In an extremely generalized sense, music is just sound waves that, when combined with other similar or different sound waves, make us feel emotions. Regardless of where you come from or what language you speak, music produces (roughly) the same impressions from listener to listener. How you perceive these emotions or decide if you enjoy them is entirely up to you. There is no right or wrong when it comes to music taste.
Noise music is a whole fascinating monstrosity that most people are either quick to dismiss or don’t understand. I’m using the term “noise music” as an umbrella for the noise genre. Much how the term “indie” is extremely vague and none descriptive. Genres like noise rock would involve more conventional structure, instrumentation, melody/harmony, etc. In some ways, noise music is just that, noise; however, it can also be thoughtful, graceful, or guttural. I see noise music as more of a meditative ceremony for the performer – or even an escape from whatever may be aggravating them, much like early punk rock was a rebellion or attitude.
Coach Campa, Influencer, Flowers, and James Cameron Taylor are all seasoned veterans within the San Antonio music scene. With members from bands such as Ghost Police, Porridge Fist, Pinko, and Blithe there was definitely no shortage of volume and noise. Unfortunately, I arrived right after Cameron Taylor finished his set. I caught a glimpse at his setlist, which looked like a crude drawing of different bananas and numbers. Having witnessed Pygmaeus, one of his delightfully absurd former bands, I’m sure that his set was definitely out of the ordinary.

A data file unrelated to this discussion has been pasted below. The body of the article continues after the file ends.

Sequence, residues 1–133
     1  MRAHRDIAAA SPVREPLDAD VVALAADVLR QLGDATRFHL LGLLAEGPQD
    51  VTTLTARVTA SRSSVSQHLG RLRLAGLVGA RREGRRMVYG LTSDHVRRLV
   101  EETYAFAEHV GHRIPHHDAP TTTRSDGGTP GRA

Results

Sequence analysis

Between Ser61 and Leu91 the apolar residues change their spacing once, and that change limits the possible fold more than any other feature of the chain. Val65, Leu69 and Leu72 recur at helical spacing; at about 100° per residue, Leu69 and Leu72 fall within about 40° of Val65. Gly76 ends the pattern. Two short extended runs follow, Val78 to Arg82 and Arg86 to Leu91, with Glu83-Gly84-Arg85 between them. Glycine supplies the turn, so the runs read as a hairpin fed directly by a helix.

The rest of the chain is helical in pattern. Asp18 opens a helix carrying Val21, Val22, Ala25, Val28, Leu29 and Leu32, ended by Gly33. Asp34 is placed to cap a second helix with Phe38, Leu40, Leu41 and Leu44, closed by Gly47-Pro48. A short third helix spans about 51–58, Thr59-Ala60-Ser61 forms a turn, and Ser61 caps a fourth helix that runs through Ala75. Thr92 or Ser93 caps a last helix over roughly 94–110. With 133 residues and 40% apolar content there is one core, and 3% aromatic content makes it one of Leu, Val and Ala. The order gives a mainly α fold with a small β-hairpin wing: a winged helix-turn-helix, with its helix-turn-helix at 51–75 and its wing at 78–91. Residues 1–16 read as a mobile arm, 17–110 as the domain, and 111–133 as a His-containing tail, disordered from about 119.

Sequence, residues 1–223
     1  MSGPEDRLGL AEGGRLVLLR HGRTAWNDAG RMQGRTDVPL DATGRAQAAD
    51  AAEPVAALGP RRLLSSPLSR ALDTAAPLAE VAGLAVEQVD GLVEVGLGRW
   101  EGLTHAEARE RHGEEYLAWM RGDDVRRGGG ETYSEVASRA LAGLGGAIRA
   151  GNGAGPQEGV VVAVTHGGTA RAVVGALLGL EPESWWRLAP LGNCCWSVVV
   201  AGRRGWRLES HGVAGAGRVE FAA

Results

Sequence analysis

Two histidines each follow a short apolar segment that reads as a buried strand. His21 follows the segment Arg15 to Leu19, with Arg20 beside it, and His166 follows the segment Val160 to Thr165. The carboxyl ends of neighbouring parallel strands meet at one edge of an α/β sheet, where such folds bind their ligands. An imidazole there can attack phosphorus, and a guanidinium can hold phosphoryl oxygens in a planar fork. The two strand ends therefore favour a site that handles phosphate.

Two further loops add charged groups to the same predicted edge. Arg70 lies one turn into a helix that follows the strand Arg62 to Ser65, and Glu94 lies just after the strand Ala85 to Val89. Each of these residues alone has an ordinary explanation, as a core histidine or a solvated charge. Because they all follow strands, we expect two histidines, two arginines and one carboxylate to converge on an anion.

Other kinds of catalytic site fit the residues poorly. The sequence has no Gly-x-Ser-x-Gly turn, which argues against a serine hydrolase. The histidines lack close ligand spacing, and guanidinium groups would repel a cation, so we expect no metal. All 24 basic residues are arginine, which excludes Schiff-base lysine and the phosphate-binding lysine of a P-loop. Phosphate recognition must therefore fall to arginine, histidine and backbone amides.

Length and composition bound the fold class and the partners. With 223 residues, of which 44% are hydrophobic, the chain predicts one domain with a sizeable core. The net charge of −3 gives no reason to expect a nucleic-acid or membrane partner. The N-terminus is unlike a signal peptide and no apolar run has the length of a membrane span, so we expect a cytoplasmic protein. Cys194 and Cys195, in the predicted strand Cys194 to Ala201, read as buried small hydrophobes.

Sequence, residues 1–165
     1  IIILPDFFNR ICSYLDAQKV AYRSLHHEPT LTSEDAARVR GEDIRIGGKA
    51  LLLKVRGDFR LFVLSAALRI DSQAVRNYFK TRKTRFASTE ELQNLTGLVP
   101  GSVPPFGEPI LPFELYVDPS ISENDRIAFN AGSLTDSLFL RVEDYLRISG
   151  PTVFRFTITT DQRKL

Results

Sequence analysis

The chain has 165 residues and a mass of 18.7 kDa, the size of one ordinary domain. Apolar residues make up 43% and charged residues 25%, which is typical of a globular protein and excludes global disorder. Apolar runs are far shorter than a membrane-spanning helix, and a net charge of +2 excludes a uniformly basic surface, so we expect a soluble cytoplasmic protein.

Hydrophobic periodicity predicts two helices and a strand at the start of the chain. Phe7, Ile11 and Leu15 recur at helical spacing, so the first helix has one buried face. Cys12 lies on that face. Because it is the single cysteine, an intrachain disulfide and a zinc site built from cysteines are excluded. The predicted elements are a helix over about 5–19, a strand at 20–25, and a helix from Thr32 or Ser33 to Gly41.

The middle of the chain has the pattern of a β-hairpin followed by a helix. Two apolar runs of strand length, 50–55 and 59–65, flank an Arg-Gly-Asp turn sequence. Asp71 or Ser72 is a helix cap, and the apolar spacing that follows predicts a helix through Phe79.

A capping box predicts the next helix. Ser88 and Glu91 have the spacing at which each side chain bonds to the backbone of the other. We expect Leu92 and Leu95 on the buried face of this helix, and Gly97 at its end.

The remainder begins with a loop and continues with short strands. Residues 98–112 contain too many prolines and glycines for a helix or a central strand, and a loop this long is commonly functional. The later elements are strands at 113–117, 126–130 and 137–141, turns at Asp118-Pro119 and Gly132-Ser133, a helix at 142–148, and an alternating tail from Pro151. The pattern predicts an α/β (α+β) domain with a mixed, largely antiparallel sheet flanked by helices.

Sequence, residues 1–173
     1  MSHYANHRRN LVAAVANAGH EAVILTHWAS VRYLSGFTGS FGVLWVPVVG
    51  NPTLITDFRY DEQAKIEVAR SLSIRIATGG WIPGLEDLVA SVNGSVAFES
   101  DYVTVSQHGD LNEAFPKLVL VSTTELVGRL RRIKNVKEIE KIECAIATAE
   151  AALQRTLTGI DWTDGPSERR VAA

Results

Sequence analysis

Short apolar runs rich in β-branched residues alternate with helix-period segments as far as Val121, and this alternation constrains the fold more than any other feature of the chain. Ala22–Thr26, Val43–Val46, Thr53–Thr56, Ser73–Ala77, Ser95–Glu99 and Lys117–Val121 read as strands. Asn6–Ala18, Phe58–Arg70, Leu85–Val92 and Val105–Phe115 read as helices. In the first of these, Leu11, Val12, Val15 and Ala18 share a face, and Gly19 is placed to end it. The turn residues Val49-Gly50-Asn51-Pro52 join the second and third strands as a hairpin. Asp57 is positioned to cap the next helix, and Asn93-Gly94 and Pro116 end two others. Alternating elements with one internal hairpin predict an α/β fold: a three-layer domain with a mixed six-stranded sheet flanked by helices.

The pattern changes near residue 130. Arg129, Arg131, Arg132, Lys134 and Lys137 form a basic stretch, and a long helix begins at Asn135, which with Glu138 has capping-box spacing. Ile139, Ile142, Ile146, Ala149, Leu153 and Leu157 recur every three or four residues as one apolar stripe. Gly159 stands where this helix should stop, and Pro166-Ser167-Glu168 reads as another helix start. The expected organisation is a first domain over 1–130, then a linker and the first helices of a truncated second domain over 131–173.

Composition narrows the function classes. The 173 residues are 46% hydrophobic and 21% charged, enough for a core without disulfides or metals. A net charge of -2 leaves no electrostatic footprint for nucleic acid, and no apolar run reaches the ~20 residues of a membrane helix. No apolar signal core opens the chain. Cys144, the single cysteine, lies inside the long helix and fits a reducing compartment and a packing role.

Jared Flores of Flowers set the tone of his set by facing away from the audience. His guitar lying on the ground vibrating from the eBow causing heavily distorted volume swells and delayed frequencies. After being surrounded by the textures, silence started to feel unwelcome. It can be difficult to present new motifs or sounds pallets when playing noise music, but Jared was able to shift moods and textures leaving me to believe that if there were a prehistoric giant bee, this is what it sounded like.
Influencer, a younger group composed of guitarist, Aaron Arguello and drummer/synth player, Jacob Gonzales, created doomy drone textures that somehow felt delicate and tender between Gonzales’ erratic drumming and beefy bass synth lines. Playing out of a legendary Roland JC-120 and using different methods, Arguello’s guitar tones cannot go unacknowledged. The articulation of “a” notes sounded as if he was dragging a brass chain across the tin roof of an old building. These sounds evolved into a heavy, warm, and full fuzz tone sustain.
Composed of drummer and blast beat specialist, Ethan Campa and guitarist/razor blader, Andres Sanchez, Coach Campa demonstrated patience and aggression during their set. Normally full of composure and control, Campa wildly used cymbals as drumsticks, having broken most of them. All the while, Sanchez manipulated his guitar tone into warbling scrambled drones. At times during the set he switched from guitar to a mysterious handheld noisemaker. It produced an oscillating sound that increased in volume when shaken or struck with a razor blade.
If you missed this show, you missed a unique experience that can’t be created exactly the same again. Fortunately, I sense more of these types of shows from other local musicians in the near future. Follow your heart and support local music.
Written by Josh Borchardt
Photo by Laryssa Flores